By nature of the fact it is an equity investment, no one can say exactly what your profit will be: the platform will give their best guess, but it’s impossible to be totally accurate.

Returns from property crowdfunding come in two forms: monthly profit from rental income minus costs or capital gains when the property is sold. Monthly profits might be paid out quarterly or annually rather than monthly, depending on the platform.

With property crowdfunding, everything is taken care of by the managing agent, which charges a fee. The crowdfunding platform might also take a fee to compensate them for managing the managing agent.

Investing this way can be risky, so make sure you’re fully aware and comfortable with what you’re doing. Here we assess its benefits and pitfalls further so you can evaluate whether it’s for you.

What Are The Different Types Of Property Crowdfunding?

There are several types of crowdfunding.

Firstly loan-based crowdfunding is where you lend money to individuals or companies in return for a set interest rate. It’s also called peer-to-peer or peer-to-business lending (P2P or P2B).

Investment-based crowdfunding is where you invest in a business and receive a stake in return – this is normally shares.

Reward-based crowdfunding is where you give money in return for a reward linked to the cause or project you’re supporting.

Finally, donation-based crowdfunding is where you donate to a person or a charity (you may be promised something in exchange).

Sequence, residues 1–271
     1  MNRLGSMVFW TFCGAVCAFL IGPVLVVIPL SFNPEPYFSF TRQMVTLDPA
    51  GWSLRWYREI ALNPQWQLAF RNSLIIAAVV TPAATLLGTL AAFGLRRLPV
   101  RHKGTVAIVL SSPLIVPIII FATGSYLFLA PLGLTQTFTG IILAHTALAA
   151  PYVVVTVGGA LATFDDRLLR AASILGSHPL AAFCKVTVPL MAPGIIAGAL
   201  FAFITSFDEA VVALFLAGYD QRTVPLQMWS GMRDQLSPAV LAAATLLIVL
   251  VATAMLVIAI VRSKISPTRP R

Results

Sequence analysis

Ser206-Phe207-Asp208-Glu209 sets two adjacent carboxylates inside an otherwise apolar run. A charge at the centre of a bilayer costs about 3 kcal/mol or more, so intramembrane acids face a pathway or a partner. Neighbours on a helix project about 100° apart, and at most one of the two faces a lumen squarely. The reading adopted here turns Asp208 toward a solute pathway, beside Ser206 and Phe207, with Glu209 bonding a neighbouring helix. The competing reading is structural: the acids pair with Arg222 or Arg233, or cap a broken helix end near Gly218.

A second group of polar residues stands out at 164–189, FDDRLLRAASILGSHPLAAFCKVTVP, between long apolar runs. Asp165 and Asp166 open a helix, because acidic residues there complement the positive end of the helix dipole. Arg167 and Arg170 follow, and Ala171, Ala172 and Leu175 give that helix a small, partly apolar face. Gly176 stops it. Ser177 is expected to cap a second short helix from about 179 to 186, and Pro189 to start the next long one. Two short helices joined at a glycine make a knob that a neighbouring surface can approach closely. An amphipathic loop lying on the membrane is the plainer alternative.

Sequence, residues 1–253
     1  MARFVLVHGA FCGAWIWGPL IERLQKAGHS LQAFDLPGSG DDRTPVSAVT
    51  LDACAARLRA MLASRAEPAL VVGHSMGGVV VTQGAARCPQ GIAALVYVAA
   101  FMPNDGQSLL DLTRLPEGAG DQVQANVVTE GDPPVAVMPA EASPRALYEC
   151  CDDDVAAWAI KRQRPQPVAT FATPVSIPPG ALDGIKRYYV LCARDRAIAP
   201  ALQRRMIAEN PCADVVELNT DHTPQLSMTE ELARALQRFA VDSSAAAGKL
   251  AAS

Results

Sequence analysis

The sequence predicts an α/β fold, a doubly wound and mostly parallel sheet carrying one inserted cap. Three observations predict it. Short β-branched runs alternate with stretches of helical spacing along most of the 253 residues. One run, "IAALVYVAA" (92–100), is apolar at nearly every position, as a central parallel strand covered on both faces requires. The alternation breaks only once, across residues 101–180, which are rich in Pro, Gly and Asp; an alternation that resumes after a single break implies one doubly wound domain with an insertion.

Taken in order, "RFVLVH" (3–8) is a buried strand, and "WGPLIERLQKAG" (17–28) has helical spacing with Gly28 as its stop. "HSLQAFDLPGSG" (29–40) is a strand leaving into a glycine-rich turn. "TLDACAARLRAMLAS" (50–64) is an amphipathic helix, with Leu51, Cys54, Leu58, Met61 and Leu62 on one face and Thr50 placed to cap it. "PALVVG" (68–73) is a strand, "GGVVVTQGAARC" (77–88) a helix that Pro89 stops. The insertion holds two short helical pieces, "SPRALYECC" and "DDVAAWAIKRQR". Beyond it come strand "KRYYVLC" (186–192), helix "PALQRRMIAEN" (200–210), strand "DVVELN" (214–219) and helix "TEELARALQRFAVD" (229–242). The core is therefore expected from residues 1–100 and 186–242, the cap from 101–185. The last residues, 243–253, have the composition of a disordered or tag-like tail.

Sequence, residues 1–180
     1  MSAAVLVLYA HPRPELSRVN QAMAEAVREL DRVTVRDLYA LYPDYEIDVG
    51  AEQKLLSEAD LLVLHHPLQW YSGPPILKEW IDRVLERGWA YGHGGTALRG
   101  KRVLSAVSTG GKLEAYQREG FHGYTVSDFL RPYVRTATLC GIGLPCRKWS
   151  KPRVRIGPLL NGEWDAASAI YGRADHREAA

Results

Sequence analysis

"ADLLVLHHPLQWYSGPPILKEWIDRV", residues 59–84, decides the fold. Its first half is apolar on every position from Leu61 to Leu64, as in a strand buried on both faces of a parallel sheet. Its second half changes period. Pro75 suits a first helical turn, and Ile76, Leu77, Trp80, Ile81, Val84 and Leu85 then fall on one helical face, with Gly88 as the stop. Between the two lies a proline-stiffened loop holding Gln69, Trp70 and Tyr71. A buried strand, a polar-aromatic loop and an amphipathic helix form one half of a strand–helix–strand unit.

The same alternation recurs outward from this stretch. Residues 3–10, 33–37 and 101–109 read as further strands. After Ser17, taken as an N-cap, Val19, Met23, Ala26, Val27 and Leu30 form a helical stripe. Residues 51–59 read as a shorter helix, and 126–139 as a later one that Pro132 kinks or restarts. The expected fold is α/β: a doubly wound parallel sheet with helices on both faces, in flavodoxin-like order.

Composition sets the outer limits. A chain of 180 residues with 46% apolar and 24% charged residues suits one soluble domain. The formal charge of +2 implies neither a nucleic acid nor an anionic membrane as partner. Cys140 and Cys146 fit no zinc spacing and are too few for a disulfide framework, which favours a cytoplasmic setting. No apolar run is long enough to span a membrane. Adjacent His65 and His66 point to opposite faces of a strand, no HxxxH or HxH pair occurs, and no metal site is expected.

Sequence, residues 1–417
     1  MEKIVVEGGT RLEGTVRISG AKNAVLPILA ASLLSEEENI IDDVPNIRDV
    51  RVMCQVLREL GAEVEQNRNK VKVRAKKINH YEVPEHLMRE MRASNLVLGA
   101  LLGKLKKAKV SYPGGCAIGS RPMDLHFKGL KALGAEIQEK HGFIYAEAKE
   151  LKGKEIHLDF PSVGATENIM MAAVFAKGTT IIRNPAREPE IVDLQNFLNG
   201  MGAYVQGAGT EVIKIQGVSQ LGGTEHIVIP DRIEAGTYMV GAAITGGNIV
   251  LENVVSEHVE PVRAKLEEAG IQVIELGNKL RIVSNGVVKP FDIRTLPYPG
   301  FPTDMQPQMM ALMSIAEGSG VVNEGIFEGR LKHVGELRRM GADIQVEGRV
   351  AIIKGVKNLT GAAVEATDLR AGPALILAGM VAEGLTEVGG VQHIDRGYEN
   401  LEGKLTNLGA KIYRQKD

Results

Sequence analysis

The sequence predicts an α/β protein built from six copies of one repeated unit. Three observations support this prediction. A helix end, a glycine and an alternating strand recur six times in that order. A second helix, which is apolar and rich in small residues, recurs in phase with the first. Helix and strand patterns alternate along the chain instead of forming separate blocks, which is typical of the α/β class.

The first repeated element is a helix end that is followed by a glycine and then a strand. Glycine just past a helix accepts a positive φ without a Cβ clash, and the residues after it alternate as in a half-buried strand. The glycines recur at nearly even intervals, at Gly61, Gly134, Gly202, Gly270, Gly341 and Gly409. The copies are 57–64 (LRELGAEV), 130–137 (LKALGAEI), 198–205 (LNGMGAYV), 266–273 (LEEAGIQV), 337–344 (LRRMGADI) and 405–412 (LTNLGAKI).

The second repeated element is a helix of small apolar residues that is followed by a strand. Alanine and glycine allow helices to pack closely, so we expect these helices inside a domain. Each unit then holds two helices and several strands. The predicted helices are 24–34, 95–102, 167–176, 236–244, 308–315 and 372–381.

Neither donation nor reward-based crowdfunding are regulated by the Financial Conduct Authority, but loan and investment-based crowdfunding are.

What Are The Risks Of Property Crowdfunding?

  • The risks of property crowdfunding are broadly the same as investing in property on your own, but given the fact it is a relatively new concept, it can be risky.
  • You should take into consideration the risk the business you invest in going into administration. Many new businesses fail in the first few years, so you could lose all your money. The property might also sit empty, not producing rental income.
  • Another risk is the crowdfunding platform itself going bust. This could mean you lose money if you’d paid the crowdfunding website but it fails before your money was invested with the business.
  • The return is also not guaranteed in crowdfunding. The shares may not rise in value and you may not receive any dividend payment (a share of the profits).
  • There might be lots of repairs that increase the expenses
  • It may also be hard to sell the shares. The shares are normally unlisted, which means you may not be able to sell them easily in the way you could sell shares in a big company that’s listed on the stock market.

Reducing The Risks Of Crowdfunding Investments

One technique to reduce the risk of crowdfunding investments is to only invest money you can afford to lose. You must invest no more than 10% of any money you have available for investing in any one year.

Remember, donation and reward-based crowdfunding platforms are not regulated by the FCA, so before you invest any money using an investment-based crowdfunding platform, check the Financial Services Register to make sure it is authorised.

The money you invest should be kept in a distinct account to the crowdfunding website’s own bank accounts before it’s passed over to the business.